The question of whether or not to accept an epidural for delivery is one of the most heated topics of debate on mommy blogs. Of the moms I asked, their answers ran the gamut. One said she got the epidural, but it wasn’t very effective, and she still felt every single stitch when they sewed up her episiotomy. She still defended the decision, adding, “I would take meds if I broke a bone, so why wouldn’t I for this, which is a thousand times worse?”
Another mom I asked said she went drug-free for all four (FOUR) deliveries, saying that the experience itself was a natural high. Either way, there doesn’t seem to be a “right” answer so much as there’s an “answer that’s right for you.” And in real life, moms aren’t nearly as into epidural-shaming as the ones on message boards. What’s up with that, anyway?
I only know about labor pooping from watching “edgy” romantic comedies, and I was kind of hoping it was a myth. No such luck, as it turns out. Medical professionals report that it’s extremely common, and one mom (who happens to be a doctor herself) explains, “If there’s poop in your sigmoid colon and/or rectum, it will be squeezed out when the baby’s head comes down through that narrow space.”
Your best bet is to try and relieve yourself ahead of time. But if that doesn’t work out so well, you’ll just have to focus on one of the 100 other sensations you’re experiencing. And remember that life will go on.
The general consensus on the effectiveness of breathing techniques seems to be “not really.” But some moms say they do serve as a helpful distraction for at least a few hours.
This is another topic where my understanding mostly comes from movies, but childbirth does seem like one of the few times in life when it’s considered acceptable to vent your feelings at everyone around you. While understandable, not every parent does this. One woman said she wanted to make a good impression as one of the hospital’s first same-sex parents, so she tried to be on her best behavior in spite of the pain. But another reported screaming the midwife’s name “so loud the windows shook.” She says she did feel bad about it, though. She ended up naming her daughter after that midwife.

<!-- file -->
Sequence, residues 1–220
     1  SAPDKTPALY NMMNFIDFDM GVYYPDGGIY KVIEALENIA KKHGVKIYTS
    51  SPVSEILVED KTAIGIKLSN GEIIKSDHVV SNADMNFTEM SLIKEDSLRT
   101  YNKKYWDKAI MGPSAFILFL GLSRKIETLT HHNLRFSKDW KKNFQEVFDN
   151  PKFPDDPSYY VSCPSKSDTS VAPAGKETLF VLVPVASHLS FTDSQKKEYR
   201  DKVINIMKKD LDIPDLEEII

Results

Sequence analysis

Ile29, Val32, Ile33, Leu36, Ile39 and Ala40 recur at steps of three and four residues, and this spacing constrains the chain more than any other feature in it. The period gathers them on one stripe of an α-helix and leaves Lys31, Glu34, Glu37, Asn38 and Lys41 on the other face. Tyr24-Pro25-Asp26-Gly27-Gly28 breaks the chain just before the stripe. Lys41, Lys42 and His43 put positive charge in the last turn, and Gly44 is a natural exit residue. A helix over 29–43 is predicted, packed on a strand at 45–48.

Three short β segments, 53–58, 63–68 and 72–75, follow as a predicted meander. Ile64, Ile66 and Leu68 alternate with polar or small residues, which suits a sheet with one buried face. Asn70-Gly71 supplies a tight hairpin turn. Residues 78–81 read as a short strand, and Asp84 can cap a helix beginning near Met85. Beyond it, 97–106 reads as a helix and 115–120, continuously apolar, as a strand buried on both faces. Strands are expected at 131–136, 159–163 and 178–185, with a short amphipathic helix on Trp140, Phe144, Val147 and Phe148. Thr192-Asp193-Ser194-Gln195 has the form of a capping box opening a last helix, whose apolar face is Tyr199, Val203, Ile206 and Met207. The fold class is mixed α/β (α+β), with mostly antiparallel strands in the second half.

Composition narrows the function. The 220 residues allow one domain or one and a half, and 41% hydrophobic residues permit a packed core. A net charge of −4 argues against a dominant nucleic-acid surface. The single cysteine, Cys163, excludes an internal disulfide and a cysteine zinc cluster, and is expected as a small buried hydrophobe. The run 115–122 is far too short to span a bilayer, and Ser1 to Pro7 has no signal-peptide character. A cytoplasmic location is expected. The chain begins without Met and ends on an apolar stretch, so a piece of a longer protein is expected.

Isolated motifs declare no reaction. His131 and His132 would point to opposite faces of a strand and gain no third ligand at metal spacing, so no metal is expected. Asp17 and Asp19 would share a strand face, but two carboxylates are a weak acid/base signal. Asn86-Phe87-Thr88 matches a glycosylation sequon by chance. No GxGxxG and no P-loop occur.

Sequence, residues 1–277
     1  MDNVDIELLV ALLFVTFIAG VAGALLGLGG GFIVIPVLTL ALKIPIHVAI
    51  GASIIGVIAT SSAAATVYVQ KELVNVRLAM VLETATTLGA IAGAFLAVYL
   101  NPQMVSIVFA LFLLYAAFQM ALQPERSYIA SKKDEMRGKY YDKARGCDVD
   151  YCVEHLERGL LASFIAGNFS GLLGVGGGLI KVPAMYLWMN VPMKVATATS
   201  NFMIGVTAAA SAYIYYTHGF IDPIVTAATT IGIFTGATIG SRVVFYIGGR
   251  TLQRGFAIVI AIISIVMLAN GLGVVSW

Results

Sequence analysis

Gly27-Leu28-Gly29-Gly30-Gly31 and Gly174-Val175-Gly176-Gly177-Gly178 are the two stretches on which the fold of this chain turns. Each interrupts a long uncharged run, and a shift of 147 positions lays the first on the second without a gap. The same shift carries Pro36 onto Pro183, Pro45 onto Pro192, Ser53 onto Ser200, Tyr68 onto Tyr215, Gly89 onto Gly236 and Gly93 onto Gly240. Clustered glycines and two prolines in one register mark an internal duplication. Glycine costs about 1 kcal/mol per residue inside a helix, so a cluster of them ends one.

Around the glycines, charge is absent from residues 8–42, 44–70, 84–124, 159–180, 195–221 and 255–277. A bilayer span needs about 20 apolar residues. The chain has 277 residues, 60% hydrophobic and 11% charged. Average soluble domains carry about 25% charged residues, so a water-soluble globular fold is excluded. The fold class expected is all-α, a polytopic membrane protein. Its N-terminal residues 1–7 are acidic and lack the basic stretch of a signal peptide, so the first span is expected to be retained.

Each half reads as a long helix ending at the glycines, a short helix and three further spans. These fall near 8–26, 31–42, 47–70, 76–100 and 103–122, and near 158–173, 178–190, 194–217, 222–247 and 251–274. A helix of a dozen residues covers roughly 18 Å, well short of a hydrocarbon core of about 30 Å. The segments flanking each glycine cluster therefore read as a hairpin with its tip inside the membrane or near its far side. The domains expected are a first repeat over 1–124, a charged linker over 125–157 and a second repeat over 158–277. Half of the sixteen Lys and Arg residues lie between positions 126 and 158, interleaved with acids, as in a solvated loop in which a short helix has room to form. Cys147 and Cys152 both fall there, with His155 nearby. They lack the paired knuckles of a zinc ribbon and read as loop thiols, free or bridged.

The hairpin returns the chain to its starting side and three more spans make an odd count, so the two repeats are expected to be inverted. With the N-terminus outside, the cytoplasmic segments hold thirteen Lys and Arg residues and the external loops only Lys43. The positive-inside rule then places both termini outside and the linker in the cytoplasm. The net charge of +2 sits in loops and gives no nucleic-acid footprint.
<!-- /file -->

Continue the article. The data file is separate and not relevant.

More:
Honestly, this is a real worry of most new parents. After all, we’ve established that childbirth is a natural process and possibly involves frustration, tearing, and pooping during labor. But none of the moms I’ve spoken to said anything of the sort. One reported that she was afraid her wife wouldn’t find her attractive anymore, which she now realizes was ridiculous.
But she acknowledges, “I didn’t like her seeing me fall apart like that. And I cried. I cried because it hurt, and I was tired — being up for two days will do that — and I didn’t want to be a burden, so I cried about that. But she was so sweet and gentle with me, and she didn’t care if I messed the bed or cried. She was worried about me being OK and our baby being OK.”
Despite all the not-so-pretty details, most labor stories have very happy endings with families that become closer than ever before. After all, labor and delivery is one of nature’s most beautiful and magical experiences.
Elaine Atwell is an author, critic, and founder of The Dart. Her work has been featured on Vice, The Toast, and numerous other outlets. She lives in Durham, North Carolina.